State tightening class-size initiative Schools receiving funding must get formal waiver to exceed 15-1 ratio By AMY HETZNER, Milwaukee Journal- Sentinel firstname.lastname@example.org Posted: May 31, 2006 In an effort to get a better handle on state money schools use to reduce class sizes, the state Department of Public Instruction plans to tighten its control over … Continue reading State Tightening SAGE class size compliance
Martha Stark: I believe in the power of numbers. I don’t know when my belief in numbers began. Perhaps when I was a child. My high school dropout, bookkeeper dad came home each week to tell us that he had played the numbers — my neighborhood’s equivalent of lotto but lots more complex. Dad would … Continue reading Numbers Don’t Lie
Active Citizens for Education offers the following recommendations for the consideration of the MMSD Board of Education in the allocation of funds for the 2006-2007 budget: (I appeared on WIBA, 1310, this evening with Brian Schimming and discussed the MMSD proposed budget and ACE recommendations) [18MB mp3]
From the Wisconsin State Journal, May 2, 2006 ANDY HALL email@example.com Madison made more progress than any urban area in the country in shrinking the racial achievement gap and managed to raise the performance levels of all racial groups over the past decade, two UW- Madison education experts said Monday in urging local leaders to … Continue reading Work on education gap lauded
Rafael Gomez held a “Parent and Taxpayer Perspective on School Budgets” last evening. Participants included: Carol Carstensen, Peter Gascoyne, Don Severson, Jeff Henriques, Shari Entenmann, Jerry Eykholt and Larry Winkler. This 70 minute event is well worth watching (or listening via the audio file). Carol discussed the “three legs” of school finance and passed around … Continue reading Budget Forum Audio / Video
A letter to the editor Dear Editor: We are dismayed that two of the candidates running for the Madison School Board, Lucy Mathiak and Maya Cole, would work toward reversing access for students by promoting ability-grouping and tracking. In fact, Cole called the district’s efforts to provide more heterogeneous classes that all students could access … Continue reading INCLUSIVE EDUCATION AS A CIVIL RIGHTS ISSUE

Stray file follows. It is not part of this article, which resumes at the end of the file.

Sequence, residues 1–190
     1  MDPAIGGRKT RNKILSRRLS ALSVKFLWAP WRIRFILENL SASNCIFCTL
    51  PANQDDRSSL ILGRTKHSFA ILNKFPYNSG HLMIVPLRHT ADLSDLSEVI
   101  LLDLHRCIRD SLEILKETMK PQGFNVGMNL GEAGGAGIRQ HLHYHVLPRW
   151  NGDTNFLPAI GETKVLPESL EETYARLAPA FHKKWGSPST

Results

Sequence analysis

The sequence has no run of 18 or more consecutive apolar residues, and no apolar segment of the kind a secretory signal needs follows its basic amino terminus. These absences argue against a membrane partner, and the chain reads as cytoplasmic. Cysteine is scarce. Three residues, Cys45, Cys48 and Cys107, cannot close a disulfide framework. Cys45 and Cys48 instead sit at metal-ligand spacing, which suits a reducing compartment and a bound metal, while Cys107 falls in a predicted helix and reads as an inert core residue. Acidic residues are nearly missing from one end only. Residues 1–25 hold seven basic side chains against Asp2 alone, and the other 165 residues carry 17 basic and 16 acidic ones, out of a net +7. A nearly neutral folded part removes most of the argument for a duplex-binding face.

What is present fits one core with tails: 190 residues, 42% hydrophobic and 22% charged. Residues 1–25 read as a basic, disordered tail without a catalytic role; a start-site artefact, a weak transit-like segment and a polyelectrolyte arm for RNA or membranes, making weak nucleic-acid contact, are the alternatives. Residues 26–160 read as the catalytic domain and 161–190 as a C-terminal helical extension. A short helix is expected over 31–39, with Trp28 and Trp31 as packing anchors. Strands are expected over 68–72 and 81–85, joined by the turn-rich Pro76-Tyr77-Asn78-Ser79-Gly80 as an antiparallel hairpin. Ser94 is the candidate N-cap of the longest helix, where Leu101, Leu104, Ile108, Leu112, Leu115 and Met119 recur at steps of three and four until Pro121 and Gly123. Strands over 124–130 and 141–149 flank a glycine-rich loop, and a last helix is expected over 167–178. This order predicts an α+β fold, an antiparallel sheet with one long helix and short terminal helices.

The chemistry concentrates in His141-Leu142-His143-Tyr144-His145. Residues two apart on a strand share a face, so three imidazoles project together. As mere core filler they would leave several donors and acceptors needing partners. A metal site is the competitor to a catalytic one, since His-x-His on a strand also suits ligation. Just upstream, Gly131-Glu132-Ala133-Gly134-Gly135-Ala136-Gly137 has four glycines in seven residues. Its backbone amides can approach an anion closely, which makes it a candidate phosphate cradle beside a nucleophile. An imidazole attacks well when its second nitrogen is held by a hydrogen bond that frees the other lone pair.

Rafael Gomez is hosting a Forum this Wednesday evening (3/29/2006) from 7 to 8:00p.m. at the McDaniels Auditorium [map and driving directions]. The topic is a A Parent and Taxpayer Perspective on School Budgets. Rafael’s guests on the panel include: Carol Carstensen, President Madison School board Peter Gascoyne, MMSD Parent Don Severson, President Active Citizens … Continue reading A Parent and Taxpayer Perspective on School Budgets
By James J. Gallagher I am posting this article from 1992 given the recent debate on one size fits all classrooms. Professor Gallagher makes the point that the argument that homogeneous grouping hurts no one is clearly false: research consistently shows that high ability students do better when they are in classes with similarly able … Continue reading When Ability Grouping Makes Good Sense
Susan Lochen, Madison West High School (co-signed by other West math teachers: Janice Cis, Keith Knowles, Carol Michalski, Jackie Hubbard, Daniel Boyland, Artie L. Orlik, Stephen Lang, Stephen Land, Tim Goldsworthy):
Moreover, parents of future West High students should take notice: As you read this, our department is under pressure from the administration and the math coordinator’s office to phase out our “accelerated” course offerings beginning next year. Rather than addressing the problems of equity and closing the gap by identifying minority math talent earlier, and fostering minority participation in the accelerated programs, our administration wants to take the cheaper way out by forcing all kids into a one-size-fits-all curriculum.
It seems the administration and our school board have re-defined “success” as merely producing “fewer failures.” Astonishingly, excellence in student achievement is visited by some school district administrators with apathy at best, and with contempt at worst. But, while raising low achievers is a laudable goal, it is woefully short-sighted and, ironically, racist in the most insidious way. Somehow, limiting opportunities for excellence has become the definition of providing equity! Could there be a greater insult to the minority community?
I’d forgotten (unfortunately) about this letter. School Board Seat 1 candidate Maya’s post below included a link to these words. The current school board majority has not addressed these critical questions….
This is very long, and the link may require a password so I’ve posted the entire article on the continued page. TJM http://www.tcrecord.org/PrintContent.asp?ContentID=11566 Standards, Accountability, and School Reform by Linda Darling-Hammond — 2004 The standards-based reform movement has led to increased emphasis on tests, coupled with rewards and sanctions, as the basis for “accountability” systems. … Continue reading Standards, Accountability, and School Reform
Video and audio from Wednesday’s Math Forum are now available [watch the 80 minute video] [mp3 audio file 1, file 2]. This rare event included the following participants: Dick Askey (UW Math Professor) Faye Hilgart, Madison Metropolitan School District Steffen Lempp (MMSD Parent and UW Math Professor) Linda McQuillen, Madison Metropolitan School District Gabriele Meyer … Continue reading Math Forum Audio / Video and Links
This is from a recent article in the Los Angeles Times. I was alerted to it by the Daily Howler blog http://www.dailyhowler.com/. I mention this because that site has had some great education coverage lately and will soon be launching an all-education companion blog. http://www.latimes.com/news/education/la-me-dropout30jan30,0,3211437.story?coll=la-news-learning THE VANISHING CLASS A Formula for Failure in L.A. Schools … Continue reading A Formula for Failure in L.A. Schools